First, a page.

In today’s business climate, faster is better. If you wait too long to respond to a customer’s inquiry or address their grievance, you’ll be reading about it on social media before you’ve even had a chance to compose your reply. If you’re pursuing product development with an ambiguous path, then be prepared. Someone may launch before you do or, at best, you’ll be spending unbudgeted resources and taking longer than originally planned. Both these scenarios highlight the many ways your business can benefit from online communities. It all comes down to being digitally connected to your audience and how those online communities drive better decisions.
Customers at your fingertips
Although it sounds a little silly, having customers at your fingertips is something that you can cultivate as a business. However, doing so takes work. Businesses will be required to vocalize how important customers are to them and, even more importantly, demonstrate that you act on what you learn about. Customers want to feel valued.
Building trust may also need a little help in the form of incentives, giveaways and rewards. Some customers are content with just pride, but a large chunk of the $400B spent on gift cards each year is doled out by businesses who are courting customer support. This opens the door to 2-way communication which is essential to sustaining open dialogue between you and your customer at any time that it’s warranted.
Having a user base just a few keystrokes away lends itself very well to better informed decision-making. Online communities , with speedy responses being an inherit part of the advantages they offer businesses. Admittedly, recruiting your audience and establishing a rapport with them to queue up repeated, future interaction requires considerable time and effort. That said, once you have the demographic population(s) that you’re seeking represented within your online community, you can begin to selectively or broadly engage its members.
Large toolbox for online communities
There are a vast number of digital and in-person market research tools available with a variety of methodologies to fit every need and objective that you may have. Some of those tools, such as CrowdWeaving™, have been designed to facilitate co-creation through collaboration between stakeholders and customers. Other tools, including polls can lob a question out to the crowd with the expectation of instant answers.
On the other hand, can be a little more detailed and hence, more informative and data driven. Yet, at the same time, they often only scrape the surface of an issue and deeper dialogue with the customer is necessary. In this way, your business can benefit from online communities by accommodating a high-level or in-depth look at your customers’ behaviors and experiences. You can choose any of the above, as different objectives call for specific methodologies, or a combination, to meet your needs. Approaching your market research questions with a combination allows you the opportunity to ideate with consumers, gather input, adjust a concept or product based on feedback, then work through multiple rounds of iteration until you get it right.
The move away from in-person focus groups to online communities has accelerated research as well as reduced costs. Projects that formerly required months to execute can now be completed in days. Moreover, online communities allow for multiple projects to be conducted in parallel which further stretches budgets and pulls timelines forward.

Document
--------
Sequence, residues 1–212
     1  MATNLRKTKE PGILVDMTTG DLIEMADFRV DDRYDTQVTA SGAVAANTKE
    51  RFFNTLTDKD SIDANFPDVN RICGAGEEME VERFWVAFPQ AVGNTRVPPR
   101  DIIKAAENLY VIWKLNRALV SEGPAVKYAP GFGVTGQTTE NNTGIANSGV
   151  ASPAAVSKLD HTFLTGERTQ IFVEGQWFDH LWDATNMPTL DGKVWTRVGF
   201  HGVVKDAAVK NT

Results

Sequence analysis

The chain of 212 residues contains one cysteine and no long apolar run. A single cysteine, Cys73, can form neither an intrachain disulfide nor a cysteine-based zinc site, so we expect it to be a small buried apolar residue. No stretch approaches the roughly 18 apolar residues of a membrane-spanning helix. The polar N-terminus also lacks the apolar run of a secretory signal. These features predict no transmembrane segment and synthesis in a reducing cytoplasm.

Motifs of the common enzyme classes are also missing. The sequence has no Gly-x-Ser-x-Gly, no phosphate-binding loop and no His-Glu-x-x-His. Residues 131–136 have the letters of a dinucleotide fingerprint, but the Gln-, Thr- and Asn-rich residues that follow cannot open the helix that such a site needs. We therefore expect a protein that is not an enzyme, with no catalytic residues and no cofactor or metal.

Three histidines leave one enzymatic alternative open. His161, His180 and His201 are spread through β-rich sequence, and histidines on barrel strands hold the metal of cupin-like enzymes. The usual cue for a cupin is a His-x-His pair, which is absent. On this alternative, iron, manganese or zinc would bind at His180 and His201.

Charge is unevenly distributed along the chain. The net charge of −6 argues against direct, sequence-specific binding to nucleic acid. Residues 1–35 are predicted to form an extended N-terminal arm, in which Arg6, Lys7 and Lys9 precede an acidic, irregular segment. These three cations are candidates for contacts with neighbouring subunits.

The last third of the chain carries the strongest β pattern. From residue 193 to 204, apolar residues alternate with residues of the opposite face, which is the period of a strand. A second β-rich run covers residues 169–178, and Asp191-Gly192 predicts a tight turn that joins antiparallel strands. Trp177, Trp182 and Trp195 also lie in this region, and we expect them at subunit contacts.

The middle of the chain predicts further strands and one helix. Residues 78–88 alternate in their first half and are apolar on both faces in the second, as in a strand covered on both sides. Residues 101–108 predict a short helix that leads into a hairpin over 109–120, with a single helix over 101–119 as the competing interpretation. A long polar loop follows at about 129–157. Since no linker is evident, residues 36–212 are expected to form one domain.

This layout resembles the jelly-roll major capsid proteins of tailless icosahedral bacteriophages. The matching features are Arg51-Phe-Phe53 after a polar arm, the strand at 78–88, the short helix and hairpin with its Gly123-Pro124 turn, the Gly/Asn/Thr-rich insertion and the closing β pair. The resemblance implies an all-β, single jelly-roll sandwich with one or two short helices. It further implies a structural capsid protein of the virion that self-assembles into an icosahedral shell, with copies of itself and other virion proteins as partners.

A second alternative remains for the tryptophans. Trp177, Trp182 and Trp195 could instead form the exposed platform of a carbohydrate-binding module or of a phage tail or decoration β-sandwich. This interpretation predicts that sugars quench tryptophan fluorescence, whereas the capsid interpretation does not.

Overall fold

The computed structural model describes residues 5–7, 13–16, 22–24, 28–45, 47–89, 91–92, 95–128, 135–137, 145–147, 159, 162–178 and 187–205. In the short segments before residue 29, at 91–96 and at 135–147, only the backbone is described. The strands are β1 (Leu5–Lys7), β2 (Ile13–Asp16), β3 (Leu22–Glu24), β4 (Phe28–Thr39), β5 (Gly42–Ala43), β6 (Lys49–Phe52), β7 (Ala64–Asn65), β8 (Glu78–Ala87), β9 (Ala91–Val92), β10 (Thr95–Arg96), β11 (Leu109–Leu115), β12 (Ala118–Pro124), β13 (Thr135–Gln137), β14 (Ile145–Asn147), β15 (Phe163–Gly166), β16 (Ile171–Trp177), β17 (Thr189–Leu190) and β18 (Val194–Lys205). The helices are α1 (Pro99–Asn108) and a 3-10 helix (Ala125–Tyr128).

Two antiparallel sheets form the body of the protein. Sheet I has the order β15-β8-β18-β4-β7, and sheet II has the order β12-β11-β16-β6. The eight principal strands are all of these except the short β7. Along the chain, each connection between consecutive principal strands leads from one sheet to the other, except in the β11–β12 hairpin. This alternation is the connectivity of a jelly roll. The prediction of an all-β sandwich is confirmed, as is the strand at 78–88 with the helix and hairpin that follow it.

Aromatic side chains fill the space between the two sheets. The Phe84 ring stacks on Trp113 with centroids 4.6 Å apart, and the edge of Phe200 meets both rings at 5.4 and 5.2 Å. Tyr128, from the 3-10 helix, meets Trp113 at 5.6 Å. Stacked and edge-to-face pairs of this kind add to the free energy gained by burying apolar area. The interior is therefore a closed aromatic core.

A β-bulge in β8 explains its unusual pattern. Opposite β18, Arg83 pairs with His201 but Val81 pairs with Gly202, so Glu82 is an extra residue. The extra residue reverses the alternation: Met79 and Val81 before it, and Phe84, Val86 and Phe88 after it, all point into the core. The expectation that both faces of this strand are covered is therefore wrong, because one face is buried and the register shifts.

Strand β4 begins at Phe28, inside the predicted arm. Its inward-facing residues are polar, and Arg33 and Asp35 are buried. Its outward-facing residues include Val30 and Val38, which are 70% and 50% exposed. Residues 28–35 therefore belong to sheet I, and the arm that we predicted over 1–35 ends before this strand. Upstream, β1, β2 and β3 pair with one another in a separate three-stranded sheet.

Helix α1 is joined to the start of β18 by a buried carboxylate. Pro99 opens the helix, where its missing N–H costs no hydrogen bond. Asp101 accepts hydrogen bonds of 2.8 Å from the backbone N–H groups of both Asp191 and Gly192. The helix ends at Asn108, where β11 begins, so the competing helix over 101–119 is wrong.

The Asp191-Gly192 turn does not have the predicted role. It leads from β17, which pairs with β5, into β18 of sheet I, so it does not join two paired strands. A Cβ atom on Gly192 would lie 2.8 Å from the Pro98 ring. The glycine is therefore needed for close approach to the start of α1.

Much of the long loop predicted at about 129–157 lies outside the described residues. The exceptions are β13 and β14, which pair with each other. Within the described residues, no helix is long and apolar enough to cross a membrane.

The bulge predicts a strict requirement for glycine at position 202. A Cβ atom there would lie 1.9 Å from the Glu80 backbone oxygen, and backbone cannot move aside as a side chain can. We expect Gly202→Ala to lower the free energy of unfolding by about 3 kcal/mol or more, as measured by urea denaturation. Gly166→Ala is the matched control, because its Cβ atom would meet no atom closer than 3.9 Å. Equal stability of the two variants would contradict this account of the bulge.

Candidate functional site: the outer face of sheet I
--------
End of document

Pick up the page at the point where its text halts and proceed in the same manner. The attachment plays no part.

Online communities drive better decisions
Yes, it’s really that simple. The cumulative value of each and every benefit of online communities is that they enable better informed decisions. Management wants some level of assurance that the resources they are about to allocate to a project or new product will confer some level of advantage to the company. Additionally, product developers want to feel comfortable that they are building the “right” thing which will drive revenues and success for the company, thereby ensuring continuous employment. In the absence of market research, a business takes a large risk that could have been reduced via interaction with an online community.
On the flipside, bad decisions can have dire consequences. Speaking of which, do you remember Motorola’s RAZR® flip-phone? They failed to engage consumers on how important the then nascent smartphone capabilities were. Ironically, they were building a smartphone but didn’t get an accurate read of how critical that functionality was going to be. Nor did they catch wind that iPhone® was soon to launch. As a result, they lost 90% of their share value from 2006-2009 which equated to $4.3B in direct losses. Indirect losses have been even more significant as they gave up their mobile throne dynasty to Samsung who, of course, now shares it with Apple.
Online communities drive better decisions because those decisions are informed by data. Everything from the overall business strategy to brand positioning, pricing and the product development life cycle can be enriched through consumer insights. Even seemingly small nuggets of wisdom, such as topics for a content marketing plan, can be gleaned from online communities.
Now that you’re aware of how your business can benefit from online communities to make better informed decisions, the next step is to reach out to your audience. Take a close look at your business plan to ensure that you are making choices dictated by insights collected from your customers. Doing so will drive greater success with product and service launches, company growth and morale knowing that you have a customer-driven strategy.